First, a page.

Although in the mid-sixties, every Mustang had a scissor jack as part of its package, it wasn’t until the mid-80s that manufacturers began to place scissor jacks into the trunks of cars. The rise of smaller imports whose trunk space couldn’t accommodate the bulkier lift jacks forced car companies to rethink the design. Scissor jacks were lighter, cost less, and didn’t take nearly as much cargo room. Companies began hiding them under spare tires or in compartments between the fender well and rear bumper.
While the car jack has its place in automotive history, unfortunately, the future of car jacks is rather bleak. Many car companies have sought to improve mileage by eliminating the spare tire, preferring to rely on tire pressure monitoring systems and run-flat tires. Exceptionally few cars are equipped with spare tires today, and if they are, most manufacturers offer small donut spares to reduce weight.
How To Identify An Antique Car Jack?
There are several ways to identify an antique car jack to add to your collection.
Look For A Trademark Or Logo
Begin by looking for some sort of manufacturing label or logo. Some manufacturers, like Barrett or Hi-Lift, have identification stamps or stickers on their units. These jacks will have serial numbers, which can be a great resource. Online resources will often contain descriptions of particular makers or models. In addition, more info can be obtained by contacting the manufacturer directly. If there is no information, post photos on social media or a website to see if anyone can comment to help with identification.
Wooden lift jacks or wagon jacks are exciting antiques. Many early Model T car jacks were made of cast iron, and the material can be a good clue as to whether the jack is an antique. Heavy, simple mechanized units are showing signs of rust and age. (The chances of finding an antique jack in pristine condition are not likely).
Mustangs from 1967 on were stamped with date codes to identify their use. (Most car manufacturers would follow the process soon after). If no date code is visible, then you may be looking at a pre-sixties automobile jack.
Look for Condition
If a jack continues to work as designed, that functionality increases the unit’s value. Look at the gearing mechanism, the lever or crank, and any exterior metal or wood casing. Many older wagon lifts still have the outer wooden casing, and although worn, the appearance is quite remarkable.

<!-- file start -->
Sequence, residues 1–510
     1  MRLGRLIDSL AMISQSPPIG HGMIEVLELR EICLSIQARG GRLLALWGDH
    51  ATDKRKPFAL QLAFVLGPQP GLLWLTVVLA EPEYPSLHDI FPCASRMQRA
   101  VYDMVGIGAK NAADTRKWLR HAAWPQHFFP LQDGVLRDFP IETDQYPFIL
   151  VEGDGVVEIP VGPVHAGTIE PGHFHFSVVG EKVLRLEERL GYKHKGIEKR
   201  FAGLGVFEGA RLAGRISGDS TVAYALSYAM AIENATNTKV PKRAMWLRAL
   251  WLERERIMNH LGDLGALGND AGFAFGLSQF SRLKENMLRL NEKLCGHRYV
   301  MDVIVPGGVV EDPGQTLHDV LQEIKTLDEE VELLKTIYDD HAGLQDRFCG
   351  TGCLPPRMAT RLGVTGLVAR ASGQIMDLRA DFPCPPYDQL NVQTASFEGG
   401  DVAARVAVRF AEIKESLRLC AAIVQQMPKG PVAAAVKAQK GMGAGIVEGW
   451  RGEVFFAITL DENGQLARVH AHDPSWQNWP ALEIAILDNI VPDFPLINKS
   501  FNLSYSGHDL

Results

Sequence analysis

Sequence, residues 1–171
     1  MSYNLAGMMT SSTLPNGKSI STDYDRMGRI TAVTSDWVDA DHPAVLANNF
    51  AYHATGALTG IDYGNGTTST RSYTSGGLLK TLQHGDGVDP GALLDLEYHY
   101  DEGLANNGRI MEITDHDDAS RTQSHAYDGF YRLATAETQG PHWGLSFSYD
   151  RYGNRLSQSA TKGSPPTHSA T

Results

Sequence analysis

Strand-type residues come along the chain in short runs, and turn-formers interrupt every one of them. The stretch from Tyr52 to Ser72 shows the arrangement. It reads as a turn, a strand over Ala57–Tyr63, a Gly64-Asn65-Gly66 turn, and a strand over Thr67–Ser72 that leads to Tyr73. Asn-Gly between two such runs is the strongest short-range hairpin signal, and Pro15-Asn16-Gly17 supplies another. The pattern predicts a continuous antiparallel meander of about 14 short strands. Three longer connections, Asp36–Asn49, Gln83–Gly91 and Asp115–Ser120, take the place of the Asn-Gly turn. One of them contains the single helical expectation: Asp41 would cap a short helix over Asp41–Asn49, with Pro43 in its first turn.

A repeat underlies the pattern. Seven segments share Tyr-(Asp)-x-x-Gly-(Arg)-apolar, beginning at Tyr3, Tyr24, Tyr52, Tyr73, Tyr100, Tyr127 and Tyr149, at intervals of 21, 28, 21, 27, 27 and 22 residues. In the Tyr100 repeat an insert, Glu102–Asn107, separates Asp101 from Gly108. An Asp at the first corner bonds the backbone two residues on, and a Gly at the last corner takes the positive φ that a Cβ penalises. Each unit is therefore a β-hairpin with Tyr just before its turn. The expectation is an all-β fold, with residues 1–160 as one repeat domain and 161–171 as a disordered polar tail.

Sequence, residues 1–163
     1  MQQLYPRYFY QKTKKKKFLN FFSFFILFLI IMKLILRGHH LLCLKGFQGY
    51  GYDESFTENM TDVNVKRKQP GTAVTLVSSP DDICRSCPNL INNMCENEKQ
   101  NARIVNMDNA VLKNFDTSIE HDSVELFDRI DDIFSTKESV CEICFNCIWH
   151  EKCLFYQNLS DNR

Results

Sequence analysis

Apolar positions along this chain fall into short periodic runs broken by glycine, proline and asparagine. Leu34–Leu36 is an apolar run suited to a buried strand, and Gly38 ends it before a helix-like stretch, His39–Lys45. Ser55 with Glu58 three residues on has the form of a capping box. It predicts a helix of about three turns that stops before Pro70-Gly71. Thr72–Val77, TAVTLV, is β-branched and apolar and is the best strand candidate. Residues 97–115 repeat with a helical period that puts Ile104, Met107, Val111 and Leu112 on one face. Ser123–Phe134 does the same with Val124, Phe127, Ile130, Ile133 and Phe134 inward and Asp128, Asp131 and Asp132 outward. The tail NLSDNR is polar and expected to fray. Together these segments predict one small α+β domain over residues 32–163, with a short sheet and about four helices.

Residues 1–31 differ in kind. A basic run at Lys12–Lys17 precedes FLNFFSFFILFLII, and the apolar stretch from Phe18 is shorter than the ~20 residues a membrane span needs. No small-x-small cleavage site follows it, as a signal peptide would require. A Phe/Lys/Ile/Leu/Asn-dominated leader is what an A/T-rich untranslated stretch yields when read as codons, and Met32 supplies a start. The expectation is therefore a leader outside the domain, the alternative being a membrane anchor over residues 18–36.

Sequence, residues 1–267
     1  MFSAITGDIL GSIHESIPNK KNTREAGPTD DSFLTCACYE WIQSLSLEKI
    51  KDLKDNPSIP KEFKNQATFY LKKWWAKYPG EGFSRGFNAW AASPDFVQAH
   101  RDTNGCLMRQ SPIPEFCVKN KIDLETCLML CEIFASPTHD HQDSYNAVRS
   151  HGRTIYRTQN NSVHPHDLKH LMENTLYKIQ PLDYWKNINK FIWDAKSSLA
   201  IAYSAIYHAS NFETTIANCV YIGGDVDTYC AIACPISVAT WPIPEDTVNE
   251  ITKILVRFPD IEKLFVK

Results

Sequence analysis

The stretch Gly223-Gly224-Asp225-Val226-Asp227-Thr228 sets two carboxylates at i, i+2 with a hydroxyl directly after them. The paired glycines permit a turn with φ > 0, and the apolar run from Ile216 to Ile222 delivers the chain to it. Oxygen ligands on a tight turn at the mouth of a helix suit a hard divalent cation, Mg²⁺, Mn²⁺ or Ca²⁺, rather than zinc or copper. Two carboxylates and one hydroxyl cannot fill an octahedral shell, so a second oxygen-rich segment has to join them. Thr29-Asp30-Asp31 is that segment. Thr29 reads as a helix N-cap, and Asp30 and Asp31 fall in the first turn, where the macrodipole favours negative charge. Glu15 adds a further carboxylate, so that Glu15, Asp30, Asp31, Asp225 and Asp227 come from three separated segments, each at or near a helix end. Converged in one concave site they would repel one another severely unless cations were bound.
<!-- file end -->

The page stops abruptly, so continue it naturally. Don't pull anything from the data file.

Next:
Check Threads, Seals, or Rings
Many older jacks used wax rings rather than rubber or single flat threads to help identify an older jack. If you spot hydraulics that appears cleaner than they should or newer (due to replacement), these improvements can affect the value.
Look For Jacks Tied To A Particular Car
Car jacks used for a particular car, like a Mustang or Corvette, can account for advantages. Not only will the jack be a part of American nostalgia with the open road, but the specific knowledge will help maintain the value for interested parties looking to purchase.
What Do Most Antique Jacks Sell For?
Many antique jacks sell for less than $100, although some can fetch more than $500. You should always do your research before making any kind of purchase decision. Many classic car appraisers can assist in determining the values of the car jack you may be considering purchasing.
Will A Jack Be Worth More if Reconditioned?
Reconditioning an old car jack is usually worth the time and expense. However, you should be careful about repainting or cleaning the product to ensure that the jack looks like it did when it was first manufactured. Jacks from the wagon era or early days of automobiles are often worth more when not restored. Remember that depending on the jack, replacement parts may be very limited.
About THE AUTHOR
My name is Matt and I've been around cars all my life! I have owned and worked on many different classic vehicles, so I started this site to share my experiences. If you're new to classic cars, then this website is for you.Read More About Matt Lane